First Windows 2000 virus detected
(IDG) -- Antivirus software vendor F-Secure announced that it has received a sample of the first virus written specifically to operate under Microsoft's forthcoming Windows 2000 operating system.
Known as Win2K.Inta or Win2000.Install, F-Secure does not consider the virus to be a big threat however, since it has received no reports that the virus is "in the wild," meaning that it has not yet been discovered outside of controlled environments, said Mikko Hyppönen, manager of antivirus research at the Espoo, Finland-based company.
The virus operates only under Windows 2000 and is not designed to function at all under older versions of Windows. Microsoft is scheduled to start commercial shipments of the new operating system by mid-February.
"The interesting thing is that it already exists, not that it is a big threat," said Hyppönen. "It will probably not have much of a life-span in the real world since ours, as well as other antivirus software programs, already can handle it."
From now on however, most new viruses are likely to include compatibility with Windows 2000, Hyppönen added. "Windows 2000 will be a widely used operating system, and virus writers target the widest possible reach."
F-Secure received a sample of the virus via an anonymous e-mail, as did several other leading antivirus software vendors, Hyppönen said.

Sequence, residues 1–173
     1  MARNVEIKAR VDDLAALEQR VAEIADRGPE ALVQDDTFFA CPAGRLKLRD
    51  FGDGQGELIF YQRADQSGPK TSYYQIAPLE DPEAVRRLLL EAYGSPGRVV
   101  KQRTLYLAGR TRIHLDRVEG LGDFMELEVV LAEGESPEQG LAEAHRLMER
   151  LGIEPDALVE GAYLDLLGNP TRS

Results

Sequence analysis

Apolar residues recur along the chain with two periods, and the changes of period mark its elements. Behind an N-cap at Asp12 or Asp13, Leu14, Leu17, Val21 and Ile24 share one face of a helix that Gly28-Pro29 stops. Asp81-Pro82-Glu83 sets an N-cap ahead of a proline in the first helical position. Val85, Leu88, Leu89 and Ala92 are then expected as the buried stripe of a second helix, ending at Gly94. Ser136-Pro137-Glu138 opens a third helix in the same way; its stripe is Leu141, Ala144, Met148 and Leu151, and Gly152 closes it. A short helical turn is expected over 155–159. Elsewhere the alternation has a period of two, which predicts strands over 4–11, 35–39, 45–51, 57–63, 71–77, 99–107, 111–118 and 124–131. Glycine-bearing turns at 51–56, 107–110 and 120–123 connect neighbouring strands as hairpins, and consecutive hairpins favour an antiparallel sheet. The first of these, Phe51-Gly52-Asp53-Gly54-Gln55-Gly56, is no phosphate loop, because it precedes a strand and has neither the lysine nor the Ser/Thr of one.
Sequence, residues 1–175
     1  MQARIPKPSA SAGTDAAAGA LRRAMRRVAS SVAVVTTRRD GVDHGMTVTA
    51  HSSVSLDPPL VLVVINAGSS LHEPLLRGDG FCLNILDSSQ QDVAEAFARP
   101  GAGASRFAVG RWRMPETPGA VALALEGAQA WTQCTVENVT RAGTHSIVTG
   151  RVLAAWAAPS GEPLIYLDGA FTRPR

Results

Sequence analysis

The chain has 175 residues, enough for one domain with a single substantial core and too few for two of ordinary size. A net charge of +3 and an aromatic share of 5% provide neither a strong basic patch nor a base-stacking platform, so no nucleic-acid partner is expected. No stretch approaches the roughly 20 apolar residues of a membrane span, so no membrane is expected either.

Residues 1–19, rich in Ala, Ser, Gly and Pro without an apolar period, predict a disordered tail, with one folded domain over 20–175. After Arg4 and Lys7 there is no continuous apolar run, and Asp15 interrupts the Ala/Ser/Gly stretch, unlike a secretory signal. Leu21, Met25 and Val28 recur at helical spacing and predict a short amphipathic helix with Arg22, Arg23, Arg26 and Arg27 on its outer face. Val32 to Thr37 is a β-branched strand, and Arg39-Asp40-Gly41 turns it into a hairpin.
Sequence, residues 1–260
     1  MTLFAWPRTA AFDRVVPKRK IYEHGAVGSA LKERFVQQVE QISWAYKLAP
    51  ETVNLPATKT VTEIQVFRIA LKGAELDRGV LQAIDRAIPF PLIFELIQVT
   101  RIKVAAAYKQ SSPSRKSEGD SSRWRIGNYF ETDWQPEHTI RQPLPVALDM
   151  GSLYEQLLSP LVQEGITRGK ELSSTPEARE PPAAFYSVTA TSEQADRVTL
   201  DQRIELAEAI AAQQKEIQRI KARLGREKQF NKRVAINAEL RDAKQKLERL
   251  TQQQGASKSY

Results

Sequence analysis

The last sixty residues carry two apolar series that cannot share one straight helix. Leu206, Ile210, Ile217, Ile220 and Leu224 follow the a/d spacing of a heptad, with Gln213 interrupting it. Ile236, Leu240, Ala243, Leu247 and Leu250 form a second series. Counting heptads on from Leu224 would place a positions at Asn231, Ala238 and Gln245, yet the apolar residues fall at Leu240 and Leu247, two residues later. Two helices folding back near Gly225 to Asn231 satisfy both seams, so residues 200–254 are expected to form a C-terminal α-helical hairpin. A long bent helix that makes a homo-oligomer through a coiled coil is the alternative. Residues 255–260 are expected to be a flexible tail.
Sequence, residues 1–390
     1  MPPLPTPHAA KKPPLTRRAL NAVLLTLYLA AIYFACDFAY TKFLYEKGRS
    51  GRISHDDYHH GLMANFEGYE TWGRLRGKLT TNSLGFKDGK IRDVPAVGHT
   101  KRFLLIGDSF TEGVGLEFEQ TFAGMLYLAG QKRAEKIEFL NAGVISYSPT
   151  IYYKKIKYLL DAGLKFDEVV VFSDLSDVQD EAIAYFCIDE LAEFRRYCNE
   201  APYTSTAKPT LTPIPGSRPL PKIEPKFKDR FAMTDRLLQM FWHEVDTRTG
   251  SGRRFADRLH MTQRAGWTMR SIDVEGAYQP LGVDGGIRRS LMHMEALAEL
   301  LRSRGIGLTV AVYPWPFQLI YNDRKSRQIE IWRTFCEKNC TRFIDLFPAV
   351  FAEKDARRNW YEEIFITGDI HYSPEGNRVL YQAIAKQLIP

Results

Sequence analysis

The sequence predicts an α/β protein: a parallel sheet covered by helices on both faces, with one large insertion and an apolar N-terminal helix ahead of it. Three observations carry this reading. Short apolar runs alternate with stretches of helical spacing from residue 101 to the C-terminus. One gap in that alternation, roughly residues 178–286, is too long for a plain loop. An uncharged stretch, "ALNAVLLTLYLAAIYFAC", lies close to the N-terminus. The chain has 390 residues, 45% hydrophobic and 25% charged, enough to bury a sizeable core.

The virus was probably written by a known, international group of virus writers known as the 29A virus group, he said. "It is the first Windows 2000 virus, so I think they are mainly after the media attention -- they want their five minutes of fame."
Win2K.Inta works by infecting program files and spreads from one computer to another when these files are exchanged. Once infected, the files do not grow in size, according to F-Secure, and the virus is capable of infecting files with the following extensions: EXE, COM, DLL, ACM, AX, CNV, CPL, DRV, MPD, OCX, PCI, SCR, SYS, TSP, TLB, VWP, WPC and MSI.
This list includes several classes of programs that to date have not been susceptible to virus infection, F-Secure said. For example, this virus will analyze Microsoft Windows Installer files (MSI), scan them for embedded programs and infect them, the company said in a statement.
The virus contains this text string, which is never displayed: ( Win2000.Installer) by Benny/29A & Darkman/29A, according to F-Secure.
Formerly known as Data Fellows, the Finnish software company was founded in 1988 and late last year changed its name to F-Secure. Its North American headquarters are in San Jose, Calif.
Terho Uimonen is Scandinavia bureau chief for the IDG News Service.
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